Mesosphere DC/OS (Data Center Operating System) lets you manage your data center as if it were a single powerful computer. It separates the infrastructure logic from the application logic, and makes it easy to manage distributed systems. Considering DC/OS is meant for highly scalable, distributed systems, logging and monitoring plays a key role in day-to-day operations with DC/OS. In this post, we’ll take a look at the goals of logging with DC/OS, and how you can set up DC/OS logging with Sumo Logic.
Why Mesosphere DC/OS Clusters Need Logging
When you work with Mesosphere DC/OS, you typically have hundreds, if not thousands of nodes that are grouped in clusters. Tasks are executed on these nodes by Mesos “agent” instances, which are controlled by “master” instances. By grouping the nodes in clusters, DC/OS ensures high availability so that if any node or cluster fails, its workload is automatically routed to the other clusters. DC/OS uses two scheduling tools—Chronos for scheduled tasks like ETL jobs, and Marathon for long-running tasks like running a web server. Additionally, it includes app services like Docker, Cassandra, and Spark. DC/OS supports hybrid infrastructure, allowing you to manage bare metal servers, VMs on-premises, or cloud instances, all from a single pane of glass. Together, all of these components make for a complex system that needs close monitoring.
There are two key purposes for collecting and analyzing DC/OS logs. The first is debugging. As new tasks are executed, DC/OS makes decisions in real time on how to schedule these tasks. While this is automated, it needs supervision. Failover needs logging so you can detect abnormal behavior early on. Also, as you troubleshoot operational issues on a day-to-day basis, you need to monitor resource usage at a granular level, and that requires a robust logging tool.
Second, for certain apps in enterprises, compliance is a key reason to store historic logs over a long period of time. You may need to comply to HIPAA or PCI DSS standards.
Viewing raw logs in DC/OS
DC/OS services and tasks write stdout and stderr files in their sandboxes by default. You can access logs via the DC/OS CLI or the console. You can also SSH into a node and run the following command to view its logs:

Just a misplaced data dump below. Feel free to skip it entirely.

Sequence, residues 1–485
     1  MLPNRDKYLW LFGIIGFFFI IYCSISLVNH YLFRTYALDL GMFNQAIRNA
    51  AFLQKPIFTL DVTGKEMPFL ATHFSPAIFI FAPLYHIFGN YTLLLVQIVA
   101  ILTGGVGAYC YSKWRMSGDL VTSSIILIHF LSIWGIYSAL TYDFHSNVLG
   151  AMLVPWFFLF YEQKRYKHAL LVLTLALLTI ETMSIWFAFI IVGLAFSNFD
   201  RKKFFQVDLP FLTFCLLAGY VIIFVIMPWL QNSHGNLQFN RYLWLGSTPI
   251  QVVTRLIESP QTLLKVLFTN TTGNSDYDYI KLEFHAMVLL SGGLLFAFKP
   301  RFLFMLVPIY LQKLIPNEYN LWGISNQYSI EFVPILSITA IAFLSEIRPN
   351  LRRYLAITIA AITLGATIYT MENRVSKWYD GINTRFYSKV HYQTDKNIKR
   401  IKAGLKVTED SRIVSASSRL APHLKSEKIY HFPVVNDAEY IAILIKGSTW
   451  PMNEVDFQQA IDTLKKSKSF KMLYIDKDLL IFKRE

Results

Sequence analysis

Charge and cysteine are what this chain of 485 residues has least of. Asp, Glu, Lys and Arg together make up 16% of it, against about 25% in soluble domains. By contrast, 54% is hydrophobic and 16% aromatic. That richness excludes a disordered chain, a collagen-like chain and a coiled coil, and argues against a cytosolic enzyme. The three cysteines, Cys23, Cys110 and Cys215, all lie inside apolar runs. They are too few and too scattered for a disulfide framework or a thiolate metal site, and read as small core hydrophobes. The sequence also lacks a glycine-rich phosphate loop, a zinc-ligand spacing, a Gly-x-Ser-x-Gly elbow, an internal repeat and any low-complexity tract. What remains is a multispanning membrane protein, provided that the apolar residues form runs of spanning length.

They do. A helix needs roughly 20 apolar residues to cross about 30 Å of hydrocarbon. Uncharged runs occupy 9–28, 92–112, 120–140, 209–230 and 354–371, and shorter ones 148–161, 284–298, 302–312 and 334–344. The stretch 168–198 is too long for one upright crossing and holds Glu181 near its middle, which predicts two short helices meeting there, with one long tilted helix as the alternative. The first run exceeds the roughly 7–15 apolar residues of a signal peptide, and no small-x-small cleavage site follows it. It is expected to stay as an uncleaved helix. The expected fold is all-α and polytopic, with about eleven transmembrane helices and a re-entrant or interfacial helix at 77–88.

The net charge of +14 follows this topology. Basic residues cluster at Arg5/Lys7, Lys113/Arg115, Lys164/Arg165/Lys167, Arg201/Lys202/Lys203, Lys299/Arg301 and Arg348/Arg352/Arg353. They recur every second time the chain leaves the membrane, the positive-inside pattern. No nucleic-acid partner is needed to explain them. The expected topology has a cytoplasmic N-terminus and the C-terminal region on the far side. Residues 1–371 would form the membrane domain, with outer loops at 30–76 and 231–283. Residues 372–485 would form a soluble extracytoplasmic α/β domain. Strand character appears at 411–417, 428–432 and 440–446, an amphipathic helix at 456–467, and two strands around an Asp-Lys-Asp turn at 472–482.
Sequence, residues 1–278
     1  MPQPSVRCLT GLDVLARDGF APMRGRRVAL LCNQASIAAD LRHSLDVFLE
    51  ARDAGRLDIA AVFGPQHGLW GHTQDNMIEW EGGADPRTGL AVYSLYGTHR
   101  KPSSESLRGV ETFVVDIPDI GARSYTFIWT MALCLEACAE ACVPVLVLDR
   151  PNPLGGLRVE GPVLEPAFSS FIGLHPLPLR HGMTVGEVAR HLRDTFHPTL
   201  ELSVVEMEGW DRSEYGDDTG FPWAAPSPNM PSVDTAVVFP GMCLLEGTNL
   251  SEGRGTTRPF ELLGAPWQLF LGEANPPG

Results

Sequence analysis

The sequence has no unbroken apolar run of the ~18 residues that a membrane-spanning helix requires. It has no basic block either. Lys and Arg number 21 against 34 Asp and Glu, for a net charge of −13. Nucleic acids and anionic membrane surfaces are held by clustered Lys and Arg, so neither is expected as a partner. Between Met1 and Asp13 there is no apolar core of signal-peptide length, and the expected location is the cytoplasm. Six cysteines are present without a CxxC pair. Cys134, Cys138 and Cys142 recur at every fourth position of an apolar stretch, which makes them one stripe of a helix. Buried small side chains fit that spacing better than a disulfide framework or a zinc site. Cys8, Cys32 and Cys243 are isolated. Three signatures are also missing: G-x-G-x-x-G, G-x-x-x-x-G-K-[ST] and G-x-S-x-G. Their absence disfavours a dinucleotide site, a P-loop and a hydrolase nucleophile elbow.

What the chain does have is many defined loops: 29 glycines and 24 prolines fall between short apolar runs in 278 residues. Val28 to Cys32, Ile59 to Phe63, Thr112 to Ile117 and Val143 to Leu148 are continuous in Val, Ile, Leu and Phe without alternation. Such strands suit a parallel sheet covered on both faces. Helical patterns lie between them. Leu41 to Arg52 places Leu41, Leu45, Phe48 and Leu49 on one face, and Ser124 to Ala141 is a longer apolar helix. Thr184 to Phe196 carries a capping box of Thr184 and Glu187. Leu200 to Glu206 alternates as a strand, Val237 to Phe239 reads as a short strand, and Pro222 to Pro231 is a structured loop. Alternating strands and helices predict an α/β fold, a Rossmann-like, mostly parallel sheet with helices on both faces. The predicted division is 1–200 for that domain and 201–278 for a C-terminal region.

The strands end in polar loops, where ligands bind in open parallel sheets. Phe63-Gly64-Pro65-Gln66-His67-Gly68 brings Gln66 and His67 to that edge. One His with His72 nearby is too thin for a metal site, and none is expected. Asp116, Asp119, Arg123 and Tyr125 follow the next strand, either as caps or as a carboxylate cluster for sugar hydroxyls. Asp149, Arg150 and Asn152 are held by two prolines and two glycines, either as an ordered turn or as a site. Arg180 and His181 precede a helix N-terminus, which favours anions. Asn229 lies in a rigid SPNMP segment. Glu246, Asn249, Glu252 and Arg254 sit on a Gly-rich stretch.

$ journalctl -u "dcos-*" -b
While this is fine if you’re running just a couple of nodes, once you scale to tens or hundreds of nodes, you need a more robust logging tool. That’s where a log analysis tool like Sumo Logic comes in.
Sharing DC/OS logs with Sumo Logic
DC/OS shares log data via a HTTP endpoint which acts as a source. The first step to share Mesosphere DC/OS logs with Sumo Logic is to configure a HTTP source in Sumo Logic. You can do this from the Sumo Logic console by following these steps. You can edit settings like timestamp, and allow multi-line messages like stack traces.
Your data is uploaded to a unique source URL. Once uploaded, the data is sent to a Sumo Logic collector. This collector is hosted and managed by Sumo Logic, which makes setup easy, and reduces maintenance later. The collector compresses the log data, encrypts it, and sends it to the Sumo Logic cloud, in real time.
During this setup process, you can optionally create Processing rules to filter data sent to Sumo Logic. Here are some actions you can take on the logs being shared:
- Exclude messages
- Include messages
- Hash messages
- Mask messages
- Forward messages
These processing rules apply only to data sent to Sumo Logic, not the raw logs in DC/OS.
It may take a few minutes for data to start showing in the Sumo Logic dashboard, and once it does, you’re off to the races with state-of-the-art predictive analytics for your log data. You gain deep visibility into DC/OS cluster health. You can setup alerts based on the log data and get notifications when failed nodes reach a certain number, or when a high priority task is running too slow, or if there is any suspicious user behavior. Whether it’s an overview, or a deep dive to resolve issues, Sumo Logic provides advanced data analysis that builds on the default metrics of DC/OS. It also has options to archive historic log data for years so you can comply with various security standards like HIPAA or PCI DSS.
DC/OS is changing the way we view data centers. It transforms the data center from hardware- centric to software-defined. A comprehensive package, it encourages hybrid infrastructure, prevents vendor lock-in, and provides support for container orchestration. DC/OS is built for modern web scale apps. However, it comes with a new set of challenges with infrastructure and application monitoring. This is where you need a tool like Sumo Logic so that you not only view raw log data, but are also able to analyze it and derive insights before incidents happen.
About the Author
Twain began his career at Google, where, among other things, he was involved in technical support for the AdWords team. Today, as a technology journalist he helps IT magazines, and startups change the way teams build and ship applications.
Mesosphere DC/OS Logging with Sumo Logic is published by the Sumo Logic DevOps Community. If you’d like to learn more or contribute, visit devops.sumologic.com. Also, be sure to check out Sumo Logic Developers for free tools and code that will enable you to monitor and troubleshoot applications from code to production.